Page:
Dopamine-producing neurons fire with both basal level tonic patterns and phasic bursts. Varying affinities of the five dopamine receptors have led to a hypothesis that higher affinity receptors are primarily activated by basal level tonic dopamine, while lower affinity receptors may be tuned to be sensitive to higher levels caused by phasic bursts. Genetically modified mice provide a method to begin to probe this hypothesis. Here we discuss three mouse models. Dopamine-deficient mice were used to determine which behaviors require dopamine. These behaviors were then analyzed in mice lacking D1 receptors and in mice with reduced phasic dopamine release. Comparison of the latter two mouse models revealed a similar failure to learn about and respond normally to cues that indicate either a positive or negative outcome, giving support to the hypothesis that phasic dopamine release and the D1 receptor act in the same pathway. However, the D1 receptor likely has additional roles beyond those of phasic dopamine detection, because D1 receptor knockout mice have deficits in addition to what has been observed in mice with reduced phasic dopamine release.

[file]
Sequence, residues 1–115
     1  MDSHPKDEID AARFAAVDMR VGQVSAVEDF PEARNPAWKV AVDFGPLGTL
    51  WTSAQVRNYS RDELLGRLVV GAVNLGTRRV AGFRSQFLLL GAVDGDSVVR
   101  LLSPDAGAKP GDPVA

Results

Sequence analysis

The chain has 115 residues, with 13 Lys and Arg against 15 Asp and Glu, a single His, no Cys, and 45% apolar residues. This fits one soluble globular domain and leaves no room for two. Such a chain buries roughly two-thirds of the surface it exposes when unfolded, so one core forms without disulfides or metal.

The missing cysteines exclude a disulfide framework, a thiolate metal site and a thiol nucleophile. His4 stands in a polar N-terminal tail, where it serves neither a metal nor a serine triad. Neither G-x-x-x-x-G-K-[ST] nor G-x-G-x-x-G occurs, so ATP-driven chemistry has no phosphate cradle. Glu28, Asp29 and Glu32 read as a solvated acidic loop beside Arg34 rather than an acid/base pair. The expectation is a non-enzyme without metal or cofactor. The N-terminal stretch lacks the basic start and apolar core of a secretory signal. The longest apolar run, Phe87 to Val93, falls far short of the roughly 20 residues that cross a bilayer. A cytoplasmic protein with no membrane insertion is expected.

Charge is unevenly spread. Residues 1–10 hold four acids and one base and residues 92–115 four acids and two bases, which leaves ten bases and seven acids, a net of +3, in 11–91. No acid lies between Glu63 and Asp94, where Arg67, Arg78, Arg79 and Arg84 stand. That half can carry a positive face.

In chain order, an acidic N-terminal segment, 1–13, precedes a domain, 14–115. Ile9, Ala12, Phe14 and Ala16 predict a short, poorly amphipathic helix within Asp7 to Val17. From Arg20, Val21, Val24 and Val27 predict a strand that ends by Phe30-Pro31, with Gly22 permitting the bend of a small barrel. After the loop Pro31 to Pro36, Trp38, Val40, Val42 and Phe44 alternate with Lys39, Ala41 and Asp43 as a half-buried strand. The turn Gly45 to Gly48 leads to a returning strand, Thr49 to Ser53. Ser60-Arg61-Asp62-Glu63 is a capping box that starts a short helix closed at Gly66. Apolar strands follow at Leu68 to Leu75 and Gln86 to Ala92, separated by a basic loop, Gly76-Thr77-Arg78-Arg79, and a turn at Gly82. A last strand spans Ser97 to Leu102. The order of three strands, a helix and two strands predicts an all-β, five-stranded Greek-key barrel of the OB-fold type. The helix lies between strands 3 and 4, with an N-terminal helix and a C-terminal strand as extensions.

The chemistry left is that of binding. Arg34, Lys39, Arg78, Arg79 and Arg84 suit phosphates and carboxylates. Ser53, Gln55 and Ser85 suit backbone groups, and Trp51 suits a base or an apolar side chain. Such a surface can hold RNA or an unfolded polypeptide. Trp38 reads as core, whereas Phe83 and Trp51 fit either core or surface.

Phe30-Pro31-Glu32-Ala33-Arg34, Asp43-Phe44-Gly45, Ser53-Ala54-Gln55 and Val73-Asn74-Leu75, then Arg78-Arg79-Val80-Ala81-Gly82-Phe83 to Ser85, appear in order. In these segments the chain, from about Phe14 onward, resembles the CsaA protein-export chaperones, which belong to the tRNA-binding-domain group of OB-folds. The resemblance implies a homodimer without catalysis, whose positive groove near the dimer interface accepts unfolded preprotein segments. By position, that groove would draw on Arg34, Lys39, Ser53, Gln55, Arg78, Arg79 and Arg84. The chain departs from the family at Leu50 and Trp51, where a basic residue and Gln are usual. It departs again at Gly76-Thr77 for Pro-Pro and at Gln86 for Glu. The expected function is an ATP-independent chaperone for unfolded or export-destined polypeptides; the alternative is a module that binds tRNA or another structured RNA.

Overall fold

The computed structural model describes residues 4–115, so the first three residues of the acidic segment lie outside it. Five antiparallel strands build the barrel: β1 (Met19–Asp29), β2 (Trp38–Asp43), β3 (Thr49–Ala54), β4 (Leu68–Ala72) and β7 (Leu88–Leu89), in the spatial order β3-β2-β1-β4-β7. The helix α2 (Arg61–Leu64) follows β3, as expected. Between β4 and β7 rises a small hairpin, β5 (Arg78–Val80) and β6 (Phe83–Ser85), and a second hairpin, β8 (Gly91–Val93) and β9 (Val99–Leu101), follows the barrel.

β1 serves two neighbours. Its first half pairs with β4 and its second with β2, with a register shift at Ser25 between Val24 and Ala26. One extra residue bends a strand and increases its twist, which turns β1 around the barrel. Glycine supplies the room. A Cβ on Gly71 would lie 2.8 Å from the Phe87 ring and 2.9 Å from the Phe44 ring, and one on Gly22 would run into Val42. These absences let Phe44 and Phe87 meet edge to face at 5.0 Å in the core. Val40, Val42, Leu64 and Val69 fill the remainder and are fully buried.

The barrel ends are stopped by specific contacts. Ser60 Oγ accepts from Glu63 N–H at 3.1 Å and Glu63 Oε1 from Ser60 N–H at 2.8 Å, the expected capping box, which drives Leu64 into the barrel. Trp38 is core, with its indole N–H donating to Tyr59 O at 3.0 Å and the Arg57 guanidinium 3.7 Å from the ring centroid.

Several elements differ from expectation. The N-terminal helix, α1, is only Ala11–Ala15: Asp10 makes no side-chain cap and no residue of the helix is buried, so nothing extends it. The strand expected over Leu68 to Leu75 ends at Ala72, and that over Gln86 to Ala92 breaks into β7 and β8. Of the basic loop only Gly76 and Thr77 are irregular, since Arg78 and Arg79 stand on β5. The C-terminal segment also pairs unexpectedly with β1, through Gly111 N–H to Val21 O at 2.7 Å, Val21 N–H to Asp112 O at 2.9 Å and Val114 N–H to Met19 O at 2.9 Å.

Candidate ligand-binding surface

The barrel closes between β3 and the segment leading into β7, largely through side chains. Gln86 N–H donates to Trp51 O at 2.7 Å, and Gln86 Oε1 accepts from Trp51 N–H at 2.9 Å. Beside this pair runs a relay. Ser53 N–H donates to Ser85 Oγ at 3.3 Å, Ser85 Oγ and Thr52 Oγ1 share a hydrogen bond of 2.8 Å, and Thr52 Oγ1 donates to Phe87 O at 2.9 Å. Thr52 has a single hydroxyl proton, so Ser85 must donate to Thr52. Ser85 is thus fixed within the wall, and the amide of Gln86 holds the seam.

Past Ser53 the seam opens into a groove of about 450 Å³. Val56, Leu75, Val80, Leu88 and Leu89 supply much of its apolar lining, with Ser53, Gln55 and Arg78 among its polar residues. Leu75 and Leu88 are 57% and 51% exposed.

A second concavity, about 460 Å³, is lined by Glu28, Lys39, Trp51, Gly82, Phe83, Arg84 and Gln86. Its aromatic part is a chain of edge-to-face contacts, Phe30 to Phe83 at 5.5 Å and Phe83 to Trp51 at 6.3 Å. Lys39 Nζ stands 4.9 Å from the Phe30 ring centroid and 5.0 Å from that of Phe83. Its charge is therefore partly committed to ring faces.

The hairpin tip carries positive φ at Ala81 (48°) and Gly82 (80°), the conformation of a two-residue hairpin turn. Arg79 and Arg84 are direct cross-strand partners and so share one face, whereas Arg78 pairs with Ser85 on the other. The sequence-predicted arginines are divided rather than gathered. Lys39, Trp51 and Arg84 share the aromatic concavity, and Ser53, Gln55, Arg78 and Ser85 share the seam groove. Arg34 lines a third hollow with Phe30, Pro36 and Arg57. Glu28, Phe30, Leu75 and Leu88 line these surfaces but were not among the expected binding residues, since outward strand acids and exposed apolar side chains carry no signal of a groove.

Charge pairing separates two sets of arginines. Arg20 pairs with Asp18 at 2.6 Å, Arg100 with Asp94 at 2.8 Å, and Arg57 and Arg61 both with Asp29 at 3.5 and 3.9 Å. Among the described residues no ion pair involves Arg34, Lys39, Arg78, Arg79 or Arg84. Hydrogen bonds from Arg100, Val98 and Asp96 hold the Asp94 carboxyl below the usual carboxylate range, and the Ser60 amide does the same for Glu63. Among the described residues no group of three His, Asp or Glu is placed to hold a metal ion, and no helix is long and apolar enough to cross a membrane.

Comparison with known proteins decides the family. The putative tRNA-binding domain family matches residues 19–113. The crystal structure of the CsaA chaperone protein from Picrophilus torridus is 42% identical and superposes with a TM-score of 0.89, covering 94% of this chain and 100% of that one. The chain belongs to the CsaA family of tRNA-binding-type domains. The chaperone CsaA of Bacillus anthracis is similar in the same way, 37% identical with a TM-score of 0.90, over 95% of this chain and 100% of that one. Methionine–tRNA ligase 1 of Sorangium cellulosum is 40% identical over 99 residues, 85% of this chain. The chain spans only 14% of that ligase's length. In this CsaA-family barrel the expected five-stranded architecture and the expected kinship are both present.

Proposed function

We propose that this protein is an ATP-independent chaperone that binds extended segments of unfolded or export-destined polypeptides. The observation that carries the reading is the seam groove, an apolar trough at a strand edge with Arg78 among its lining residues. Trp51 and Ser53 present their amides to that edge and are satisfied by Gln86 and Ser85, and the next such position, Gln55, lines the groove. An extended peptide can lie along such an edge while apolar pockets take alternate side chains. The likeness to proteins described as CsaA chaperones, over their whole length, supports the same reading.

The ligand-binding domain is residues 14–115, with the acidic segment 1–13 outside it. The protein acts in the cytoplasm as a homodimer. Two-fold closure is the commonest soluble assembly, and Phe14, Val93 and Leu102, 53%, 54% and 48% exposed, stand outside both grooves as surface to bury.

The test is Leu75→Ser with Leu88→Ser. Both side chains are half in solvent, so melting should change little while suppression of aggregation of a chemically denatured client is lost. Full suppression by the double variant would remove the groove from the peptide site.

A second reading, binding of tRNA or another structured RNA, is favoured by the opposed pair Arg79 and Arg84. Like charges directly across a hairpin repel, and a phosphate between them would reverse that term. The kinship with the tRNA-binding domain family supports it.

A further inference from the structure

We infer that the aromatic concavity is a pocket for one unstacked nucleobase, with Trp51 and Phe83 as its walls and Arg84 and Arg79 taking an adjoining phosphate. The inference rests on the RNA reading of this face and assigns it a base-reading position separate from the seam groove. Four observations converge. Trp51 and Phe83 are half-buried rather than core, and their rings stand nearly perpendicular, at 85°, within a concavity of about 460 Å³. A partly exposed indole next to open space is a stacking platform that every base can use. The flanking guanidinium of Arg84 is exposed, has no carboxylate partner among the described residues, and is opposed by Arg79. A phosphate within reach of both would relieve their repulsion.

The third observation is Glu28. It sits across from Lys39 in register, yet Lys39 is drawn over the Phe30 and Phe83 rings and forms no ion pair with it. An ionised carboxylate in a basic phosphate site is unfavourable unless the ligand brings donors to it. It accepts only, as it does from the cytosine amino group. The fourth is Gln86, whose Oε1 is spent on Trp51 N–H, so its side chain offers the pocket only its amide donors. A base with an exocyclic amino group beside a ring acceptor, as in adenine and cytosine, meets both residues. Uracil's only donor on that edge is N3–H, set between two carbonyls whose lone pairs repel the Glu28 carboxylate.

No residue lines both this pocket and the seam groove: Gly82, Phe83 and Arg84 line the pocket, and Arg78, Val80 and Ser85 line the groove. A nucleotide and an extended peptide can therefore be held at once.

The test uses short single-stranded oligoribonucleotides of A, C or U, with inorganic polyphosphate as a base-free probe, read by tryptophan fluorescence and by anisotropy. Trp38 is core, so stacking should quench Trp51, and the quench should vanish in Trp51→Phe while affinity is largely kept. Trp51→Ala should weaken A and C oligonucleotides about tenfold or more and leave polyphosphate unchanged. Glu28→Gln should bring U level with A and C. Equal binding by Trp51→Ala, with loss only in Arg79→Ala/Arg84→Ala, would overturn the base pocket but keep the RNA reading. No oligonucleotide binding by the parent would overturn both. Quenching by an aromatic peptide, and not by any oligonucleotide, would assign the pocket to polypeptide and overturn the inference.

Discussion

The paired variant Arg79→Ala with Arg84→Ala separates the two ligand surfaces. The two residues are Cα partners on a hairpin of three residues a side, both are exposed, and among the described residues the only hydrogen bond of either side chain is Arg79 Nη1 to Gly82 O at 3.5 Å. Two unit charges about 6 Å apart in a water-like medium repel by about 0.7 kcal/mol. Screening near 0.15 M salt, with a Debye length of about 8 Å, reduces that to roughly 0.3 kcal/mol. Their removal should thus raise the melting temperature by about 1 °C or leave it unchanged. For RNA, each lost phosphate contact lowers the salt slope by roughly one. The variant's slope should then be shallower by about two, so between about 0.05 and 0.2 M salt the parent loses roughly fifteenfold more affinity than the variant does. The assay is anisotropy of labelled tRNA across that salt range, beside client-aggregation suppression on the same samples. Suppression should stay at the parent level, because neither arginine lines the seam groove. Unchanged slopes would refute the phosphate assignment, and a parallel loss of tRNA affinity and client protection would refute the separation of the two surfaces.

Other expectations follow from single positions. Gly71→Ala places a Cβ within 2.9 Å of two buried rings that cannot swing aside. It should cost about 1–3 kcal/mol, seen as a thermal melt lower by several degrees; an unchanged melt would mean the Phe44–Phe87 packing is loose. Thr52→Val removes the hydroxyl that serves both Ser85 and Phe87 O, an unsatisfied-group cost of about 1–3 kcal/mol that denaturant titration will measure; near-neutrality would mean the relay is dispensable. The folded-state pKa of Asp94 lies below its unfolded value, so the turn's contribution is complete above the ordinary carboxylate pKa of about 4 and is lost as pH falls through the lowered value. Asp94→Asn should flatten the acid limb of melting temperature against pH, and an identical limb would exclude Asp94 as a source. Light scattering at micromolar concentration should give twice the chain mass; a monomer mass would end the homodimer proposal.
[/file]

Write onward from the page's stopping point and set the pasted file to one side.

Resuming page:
doi:10.1016/j.mcn.2010.09.011
PMCID: PMC3035386  PMID: 20888914
23.  Are physiological attributes of jockeys predictors of falls? A pilot study 
BMJ Open  2011;1(1):e000142.
Objectives
This pilot study describes the physiological attributes of jockeys and track-work riders in Tasmania and investigates whether these attributes are associated with falls.
Methods